Hanna Andersson: Swedish style meets children clothesOctober 13, 2017
Unbeknownst to Gun Denhart and her husband back in 1983, the mail-order clothing company they ran out of their garage would turn into one of the largest children’s clothes businesses with more than 80 retail locations around the country.
Hanna Andersson sells clothing, mostly for children (infants through pre-teens), as well as bedding and some womenswear, maternity and other family-matching gear. While Hanna Andersson is an American company, the Swedish influences behind the brand are abundantly clear – starting with its founder, Denhart.
Hanna Andersson’s story
Denhart was raised in Sweden but eventually made her way to the States, where she met her husband, Tom. The two settled in Connecticut and according to an interview on the Hanna Blog, Denhart recalls batting around different business ventures they could embark on. It wasn’t until a trip back to Sweden – where she visited a factory that produced children’s clothes – when Denhart decided this was the direction she wanted to take.
Named after Gun’s Swedish grandmother and using Tom’s handwriting for its logo, Hanna Andersson was born.
The company’s operation is headquartered in Portland, Ore. The Denharts led the company for 18 years, but they eventually sold the business in 2001 for a reported price tag of $175 million.
Once the Denharts sold, Hanna Andersson continued to grow, keeping its Swedish quality and design intact. The company’s success became so appealing, in 2016, private equity firm L. Catterton acquired it. According to a press release about the acquisition, “Hanna Andersson has been generating double-digit annual revenue growth since 2010 through a combination of its heritage catalog business and attractive e-commerce platform.”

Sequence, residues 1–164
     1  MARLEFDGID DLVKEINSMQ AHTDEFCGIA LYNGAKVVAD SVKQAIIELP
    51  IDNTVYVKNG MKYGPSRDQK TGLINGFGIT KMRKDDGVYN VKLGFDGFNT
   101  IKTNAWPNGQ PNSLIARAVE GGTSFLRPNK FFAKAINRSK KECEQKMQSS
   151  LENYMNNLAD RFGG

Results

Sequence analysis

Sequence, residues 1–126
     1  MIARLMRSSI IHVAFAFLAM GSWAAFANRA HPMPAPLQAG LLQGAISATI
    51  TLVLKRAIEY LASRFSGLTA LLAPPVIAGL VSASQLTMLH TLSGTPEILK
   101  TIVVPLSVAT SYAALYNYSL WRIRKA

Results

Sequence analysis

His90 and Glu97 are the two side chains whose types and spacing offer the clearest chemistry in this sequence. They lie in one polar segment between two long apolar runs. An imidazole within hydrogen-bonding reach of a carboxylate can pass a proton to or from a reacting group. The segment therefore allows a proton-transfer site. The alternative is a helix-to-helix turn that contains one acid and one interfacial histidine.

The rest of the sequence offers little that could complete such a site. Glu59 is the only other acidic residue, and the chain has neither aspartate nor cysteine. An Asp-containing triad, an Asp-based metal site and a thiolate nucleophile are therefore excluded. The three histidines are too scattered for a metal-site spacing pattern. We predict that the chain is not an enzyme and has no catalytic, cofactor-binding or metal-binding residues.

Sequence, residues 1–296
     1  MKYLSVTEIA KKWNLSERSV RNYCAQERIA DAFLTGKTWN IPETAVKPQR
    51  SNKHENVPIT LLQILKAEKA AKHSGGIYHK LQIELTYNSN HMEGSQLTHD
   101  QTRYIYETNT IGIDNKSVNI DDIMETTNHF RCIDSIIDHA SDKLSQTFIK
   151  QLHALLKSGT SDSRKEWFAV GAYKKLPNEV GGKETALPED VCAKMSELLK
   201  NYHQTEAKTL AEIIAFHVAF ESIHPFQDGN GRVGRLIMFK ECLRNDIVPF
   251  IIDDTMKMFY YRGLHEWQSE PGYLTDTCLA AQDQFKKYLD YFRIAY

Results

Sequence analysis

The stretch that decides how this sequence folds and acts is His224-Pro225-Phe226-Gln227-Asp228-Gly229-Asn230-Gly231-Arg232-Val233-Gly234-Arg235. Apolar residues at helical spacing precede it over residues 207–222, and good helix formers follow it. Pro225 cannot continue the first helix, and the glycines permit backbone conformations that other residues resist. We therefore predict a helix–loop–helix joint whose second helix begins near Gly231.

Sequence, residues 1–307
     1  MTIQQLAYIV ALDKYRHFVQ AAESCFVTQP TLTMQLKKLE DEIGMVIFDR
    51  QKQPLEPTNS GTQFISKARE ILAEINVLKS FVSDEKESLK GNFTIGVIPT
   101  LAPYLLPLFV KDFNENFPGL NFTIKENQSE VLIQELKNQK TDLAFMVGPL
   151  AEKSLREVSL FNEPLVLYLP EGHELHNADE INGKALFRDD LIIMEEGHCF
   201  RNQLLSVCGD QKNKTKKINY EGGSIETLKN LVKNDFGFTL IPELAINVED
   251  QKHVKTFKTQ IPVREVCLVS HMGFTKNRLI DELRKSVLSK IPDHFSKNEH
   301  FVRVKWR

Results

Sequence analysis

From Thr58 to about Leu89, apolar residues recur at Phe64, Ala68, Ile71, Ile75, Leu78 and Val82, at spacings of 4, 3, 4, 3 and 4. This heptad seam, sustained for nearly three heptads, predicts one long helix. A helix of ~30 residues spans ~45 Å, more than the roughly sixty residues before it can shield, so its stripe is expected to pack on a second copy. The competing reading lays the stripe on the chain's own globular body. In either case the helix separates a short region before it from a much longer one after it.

In recent company news, Joelle Maher succeeded Adam Stone as President and CEO earlier this year. Maher previously had been with another children’s brand – Gymboree – as well as Levi Strauss & Co., Old Navy and Sears.
American company, sustainable Swedish style
You can’t talk about Swedish influences without talking about design.
Simplistic, no frills, bells or whistles – with smart pops of color. A lot of Hanna Andersson’s garments have a stripe pattern, something it has earned a bit of a reputation for (see here for a super cute dress for baby girl or this kimono-style onesie for your little man). And while you can treat yourself to frills if you want (and by frills, we mean tulle) – we love the ease of its garments.
Beyond its design, Hanna Andersson’s clothes also embrace Sweden’s sustainable practices. All of Hanna Andersson’s garments are OEKO-TEX® Standard 100 certified – which means everything from the yarn, to the finished fabric, right down to the buttons and snaps and are free from 100 harmful chemicals and substances.
Feeling good and looking good
Hanna Andersson believes in making quality products, free of harsh chemicals and made with the softest organic cotton available. Not only does Hanna Anderson want its littlest customers to feel good in what they’re wearing, but it also wants you to feel good by shopping there. The company has given millions of dollars and clothing to children in need. In addition to its charitable giving, 15 percent of profits from some articles of clothing (like its famous striped kids’ pajamas), go to Raising a Reader, a literacy and family engagement program.